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Photograph: Courtesy CC/Flickr/Stephen Rees

NYC’s bus system is somehow in worse shape than the subway

Written by
Clayton Guse

New Yorkers have spent a good chunk of 2017 bemoaning the city’s subway service—and with good reason. Delays in the system are on the rise, equipment failures have become rampant and straphangers have lost thousands of hours of work as a result. But missing in this ongoing conversation about the deteriorating train service is the subway’s less attractive counterpart: city buses.

report published on Monday by Comptroller Scott Stringer shows that service on New York City’s bus system is rapidly declining and ridership is following suit. It notes that over the past eight years, the annual ridership on the MTA bus system has dropped by 100 million. The biggest chunk of that drop took place in Manhattan, where ridership is down 16 percent over that period as increased congestion has made traversing the borough at street level a complete nightmare.

Citywide, the average speed of buses is just 7.4 miles per hour, or about that of a brisk jog. In Manhattan, the average speed dips to 5.5 miles per hour, and Brooklyn and the Bronx have average bus speeds of 6.3 and 6.5 miles per hour, respectively. This isn’t normal for major cities—New York City Transit buses are the slowest among the 17 largest bus companies in the country.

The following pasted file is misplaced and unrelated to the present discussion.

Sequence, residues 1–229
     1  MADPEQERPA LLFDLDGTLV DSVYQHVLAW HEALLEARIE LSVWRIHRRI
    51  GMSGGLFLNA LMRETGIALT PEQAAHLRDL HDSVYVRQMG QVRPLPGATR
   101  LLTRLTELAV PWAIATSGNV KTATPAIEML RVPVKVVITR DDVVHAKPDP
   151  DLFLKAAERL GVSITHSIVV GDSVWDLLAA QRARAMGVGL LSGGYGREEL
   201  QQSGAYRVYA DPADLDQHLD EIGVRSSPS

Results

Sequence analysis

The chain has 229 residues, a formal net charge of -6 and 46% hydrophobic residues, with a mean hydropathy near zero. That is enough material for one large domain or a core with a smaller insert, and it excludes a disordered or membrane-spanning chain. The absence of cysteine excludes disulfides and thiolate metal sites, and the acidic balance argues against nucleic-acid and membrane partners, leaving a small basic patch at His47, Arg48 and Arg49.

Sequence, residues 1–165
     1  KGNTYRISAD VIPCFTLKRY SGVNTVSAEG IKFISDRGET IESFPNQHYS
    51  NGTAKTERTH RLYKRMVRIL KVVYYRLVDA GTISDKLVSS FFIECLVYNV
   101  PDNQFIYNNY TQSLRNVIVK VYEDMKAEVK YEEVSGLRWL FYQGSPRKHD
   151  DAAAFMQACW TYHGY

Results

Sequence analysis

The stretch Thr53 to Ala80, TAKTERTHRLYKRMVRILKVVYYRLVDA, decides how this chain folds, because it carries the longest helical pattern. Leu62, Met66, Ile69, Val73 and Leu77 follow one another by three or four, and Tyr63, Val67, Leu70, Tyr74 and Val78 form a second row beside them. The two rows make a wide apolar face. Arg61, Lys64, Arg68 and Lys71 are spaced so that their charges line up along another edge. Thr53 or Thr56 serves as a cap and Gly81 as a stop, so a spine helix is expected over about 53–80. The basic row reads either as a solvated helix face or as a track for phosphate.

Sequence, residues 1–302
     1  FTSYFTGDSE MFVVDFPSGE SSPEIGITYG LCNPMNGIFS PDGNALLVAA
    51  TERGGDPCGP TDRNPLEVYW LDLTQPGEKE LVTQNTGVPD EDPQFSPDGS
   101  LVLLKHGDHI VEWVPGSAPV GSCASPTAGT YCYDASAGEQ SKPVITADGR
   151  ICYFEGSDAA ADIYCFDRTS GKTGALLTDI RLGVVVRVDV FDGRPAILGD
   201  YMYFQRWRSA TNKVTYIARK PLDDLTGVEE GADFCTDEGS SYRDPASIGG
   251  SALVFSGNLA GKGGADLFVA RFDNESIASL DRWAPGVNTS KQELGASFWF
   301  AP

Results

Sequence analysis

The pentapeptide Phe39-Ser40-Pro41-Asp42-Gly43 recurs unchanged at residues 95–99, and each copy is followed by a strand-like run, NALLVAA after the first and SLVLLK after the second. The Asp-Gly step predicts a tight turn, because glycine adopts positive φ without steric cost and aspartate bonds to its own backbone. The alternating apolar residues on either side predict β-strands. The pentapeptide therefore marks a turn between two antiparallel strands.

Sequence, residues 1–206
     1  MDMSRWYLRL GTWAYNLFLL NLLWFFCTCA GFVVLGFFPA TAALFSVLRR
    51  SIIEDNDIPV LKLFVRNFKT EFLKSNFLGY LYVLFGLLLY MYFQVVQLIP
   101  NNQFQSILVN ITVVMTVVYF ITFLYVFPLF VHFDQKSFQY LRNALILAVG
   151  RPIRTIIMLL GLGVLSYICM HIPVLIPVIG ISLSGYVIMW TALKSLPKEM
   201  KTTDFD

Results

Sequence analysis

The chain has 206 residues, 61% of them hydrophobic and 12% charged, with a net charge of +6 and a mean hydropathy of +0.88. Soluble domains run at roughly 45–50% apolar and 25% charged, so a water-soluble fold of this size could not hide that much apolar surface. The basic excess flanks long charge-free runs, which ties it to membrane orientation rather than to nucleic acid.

“This is not the result of unavoidable circumstances,” the report states, “but rather a product of age-old institutional failures by the City and the MTA to maximize the system’s potential.”

Among those institutional failures, Stringer’s report points out, is the confusing management structure that oversees New York City’s buses. The buses are managed by two agencies: New York City Transit Bus and the MTA Bus Company. The two companies operate at separate depots, which leads to inefficiencies that directly affect day-to-day service.

But Stringer’s report is more than just a rap sheet of the bus system’s shortcomings—it also points out a few key ways that service could be improved. One of those fixes revolves around dedicated bus lanes, which are in place for just 104 of the roughly 6,000 miles of streets on which buses operate in the city. Another intriguing improvement comes in the form of “Transit Signal Priority,” which reprograms traffic lights to flip to green when a bus is approaching. Currently, only five of the city’s 326 bus routes have this functionality. 

What’s more, an inefficient bus system affects lower-income New Yorkers far more than an inefficient subway system, and it ushers in more wealth disparity and gentrification in every corner of the city. The report also notes that a reliable bus system can spur many New Yorkers to forego car ownership, putting money back into their pockets and taking cars off of the streets. 

New York City’s population has boomed this century, and neighborhoods that are not easily accessible by the subway continue to grow. But while Gothamites have spent a good chunk of mental energy bemoaning the quality of subway service this year, they've ignored the declining bus system, which is perhaps just as crucial to the city’s expansion as trains running on time.

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